How would you like to visit the 50 most different and inspiring gardens created worldwide since the start of the 21st century? And what if you could visit those gardens with one of the world’s most accomplished and respected garden directors?
Unlike many things that sound too good to be true, this one isn’t.
Christopher Woods offers gardeners this unusual opportunity through his book "Gardenlust, A Botanical Tour of the World’s Best New Gardens" (Timber Press, September 2018). Woods wrote the lavishly illustrated coffee-table-style book filled with what he considers to be the world’s 50 best contemporary gardens by trading a life of constant resettlement in managing gardens for three years of almost non-stop travel. Those trips took him in person or through extensive research to 120 gardens on six contents. From those, he chose the 50 he found the most inspiring, of which he visited all but three.
Interestingly, Woods says the book isn’t a book at all. Instead, he call it a long love letter to the planet and its people, particularly gardeners who have created beauty and devoted their lives to helping others see that beauty. A self-described globalist, he considers the book a love letter, he said, because he is "a romantic fool and fundamentally at this point in my life I wanted to write a love letter about the world that we are in." He wrote it for gardeners because he believes that gardeners of any culture are people who, like him, fall in love repeatedly. "There’s not a plant person, or a person interested in plants, who doesn’t fall in love again and again, either with an individual plant, a design, a garden, a landscape or a natural landscape," said Woods from his home in the Bay Area of California.
Falling in love with plants
Woods is uniquely qualified to write a book of such a daunting global scope. Born in London in 1953 while Britain was still recovering from World War II, his father introduced him to plants as a child during visits to a small village in Northamptonshire where they would go on walks picking and eating mushrooms and blackberries. That introduction became a plant addiction that led him to his first gardening job as an apprentice gardener at the Royal Botanic Gardens, Kew. He fell in love with growing things after leaving Kew and taking a series of jobs at English nurseries where he learned about the fascinating history of gardens and the bureaucratic drudgery of garden management.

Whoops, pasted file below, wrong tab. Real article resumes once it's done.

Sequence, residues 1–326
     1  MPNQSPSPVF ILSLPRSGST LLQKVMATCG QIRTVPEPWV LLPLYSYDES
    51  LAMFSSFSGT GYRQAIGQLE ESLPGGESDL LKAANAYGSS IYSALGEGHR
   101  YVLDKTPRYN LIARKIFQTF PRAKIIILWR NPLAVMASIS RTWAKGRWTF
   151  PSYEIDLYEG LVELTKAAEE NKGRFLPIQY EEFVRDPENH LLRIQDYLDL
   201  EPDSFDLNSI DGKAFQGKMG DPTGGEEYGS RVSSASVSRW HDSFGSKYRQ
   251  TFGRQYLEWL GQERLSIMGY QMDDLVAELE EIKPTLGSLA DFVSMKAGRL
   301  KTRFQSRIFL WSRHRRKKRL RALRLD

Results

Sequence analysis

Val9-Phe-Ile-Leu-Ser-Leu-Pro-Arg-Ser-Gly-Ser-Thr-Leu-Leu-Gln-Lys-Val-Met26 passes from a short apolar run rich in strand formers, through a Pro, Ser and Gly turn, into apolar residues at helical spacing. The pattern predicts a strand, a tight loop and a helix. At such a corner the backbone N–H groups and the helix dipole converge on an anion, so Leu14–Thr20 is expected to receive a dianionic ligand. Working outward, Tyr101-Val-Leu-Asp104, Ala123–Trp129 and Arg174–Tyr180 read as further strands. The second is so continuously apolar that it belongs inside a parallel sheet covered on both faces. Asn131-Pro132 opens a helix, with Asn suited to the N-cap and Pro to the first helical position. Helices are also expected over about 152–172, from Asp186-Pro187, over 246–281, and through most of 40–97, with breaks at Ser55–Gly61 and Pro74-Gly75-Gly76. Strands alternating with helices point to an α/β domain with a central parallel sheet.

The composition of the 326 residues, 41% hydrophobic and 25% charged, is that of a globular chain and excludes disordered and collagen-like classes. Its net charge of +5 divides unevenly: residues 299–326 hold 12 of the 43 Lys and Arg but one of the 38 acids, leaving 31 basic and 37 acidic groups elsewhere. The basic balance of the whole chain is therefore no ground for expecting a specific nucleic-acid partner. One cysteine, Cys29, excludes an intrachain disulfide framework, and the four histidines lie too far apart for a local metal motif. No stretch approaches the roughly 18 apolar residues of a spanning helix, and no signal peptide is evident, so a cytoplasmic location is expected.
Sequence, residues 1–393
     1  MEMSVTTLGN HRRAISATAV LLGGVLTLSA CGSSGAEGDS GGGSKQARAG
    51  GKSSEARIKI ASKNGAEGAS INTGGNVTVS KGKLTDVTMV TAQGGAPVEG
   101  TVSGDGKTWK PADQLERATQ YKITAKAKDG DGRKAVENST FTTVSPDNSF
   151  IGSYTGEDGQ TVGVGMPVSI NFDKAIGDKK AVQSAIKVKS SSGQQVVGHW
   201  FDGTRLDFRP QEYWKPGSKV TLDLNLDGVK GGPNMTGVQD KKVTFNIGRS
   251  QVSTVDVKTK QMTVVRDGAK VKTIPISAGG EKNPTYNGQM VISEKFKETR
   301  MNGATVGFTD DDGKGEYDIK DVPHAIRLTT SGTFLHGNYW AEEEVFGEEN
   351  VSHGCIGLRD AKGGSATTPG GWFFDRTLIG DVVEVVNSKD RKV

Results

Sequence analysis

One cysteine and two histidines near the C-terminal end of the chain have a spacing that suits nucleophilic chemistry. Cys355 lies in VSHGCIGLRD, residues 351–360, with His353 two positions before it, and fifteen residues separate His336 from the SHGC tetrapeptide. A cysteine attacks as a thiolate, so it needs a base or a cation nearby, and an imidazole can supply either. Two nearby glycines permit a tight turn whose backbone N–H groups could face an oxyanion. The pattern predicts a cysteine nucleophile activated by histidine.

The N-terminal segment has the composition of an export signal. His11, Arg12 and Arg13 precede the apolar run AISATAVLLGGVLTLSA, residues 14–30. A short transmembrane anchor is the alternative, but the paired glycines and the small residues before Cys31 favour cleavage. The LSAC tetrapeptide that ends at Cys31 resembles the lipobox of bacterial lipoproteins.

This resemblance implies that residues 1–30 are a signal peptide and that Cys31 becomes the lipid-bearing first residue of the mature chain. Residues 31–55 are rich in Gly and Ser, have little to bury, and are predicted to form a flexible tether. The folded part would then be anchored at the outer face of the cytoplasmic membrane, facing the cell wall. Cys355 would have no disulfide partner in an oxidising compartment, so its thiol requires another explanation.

Woods loved his work but, recognizing that he was born with a restless nature, began to find Britain too confining. That combination prompted him to move to the United States in 1981 where he discovered a new world of plants — not to mention sunshine! — and took a position as a gardener at Chanticleer Gardens near Philadelphia. Two decades later, during which he was promoted to executive director and transformed Chanticleer’s 35 acres into what Garden Design magazine called America’s most inspiring garden, the restless nature resurfaced. In 2003, he moved to California to what he describes as a two-room shack on the edge of the Los Padres National Forest to take on a project with the Santa Barbara Botanical Garden. Some years and a few jobs later, he once again gave in to his restless nature and was drawn in another direction.
"I was for most of my life a gardener, and then I got promoted and promoted and started to move towards administration and away from the things that I really loved," explained Woods. "So, I decided after having managed gardens and having been the executive director at a number of gardens to get away from that and be a writer, which is what I wanted to do for years. And, so, I wrote this book to really turn people onto what is out there in the big world on this planet."
What makes a contemporary garden different
What is out there that most interests him are gardens created in the new millennium that he finds different and inspiring. An internationalist with a strong interest in bio- and cultural diversity, he said the book is "very personal for me and how I see the world." Accordingly, he refuses to be pinned down to what he calls "a concise and succinct sound bite" about how he defines a contemporary garden and what makes them “different and inspiring” from traditional or classic cottage or estate gardens. Instead he talked about four things he thinks make new gardens different and inspiring.
One that clearly emerges is that the term "contemporary garden" doesn’t mean that the entire garden or, in fact, any portion of the garden was created in the new millennium. The Huntington Botanical Gardens and Library in San Marino, California, is an example of a long-established garden that added a new garden to its landscape. That garden is a classical Chinese garden that was created to recognize the profound influence the large Chinese population in Los Angeles has had on the cultural life of the region.
The Grand Cascade in Ainwick Garden, designed by Wirtz International, clearly builds on great estate garden tradition but updates it with clean lines that suggest ornamentation rather than slavishly including it. (Photo: Christopher Woods)
The Ainwick Garden in Northumberland, England is an example of a garden that is hundreds of years old that Woods considers to be contemporary because it has adopted a contemporary use with a strong social message. "One of the gardens I found most inspiring was one of the oldest in England, which is the second-largest occupied castle in Britain, and it goes back 700 years," he said. "The history of the family of the Northumberlands is basically the history of England, but the Dutchess of Northumberland has been instituting social programs in the garden such as programs for early onset dementia and programs for youth so that young people can get discipline and be inspired during a time of high unemployment."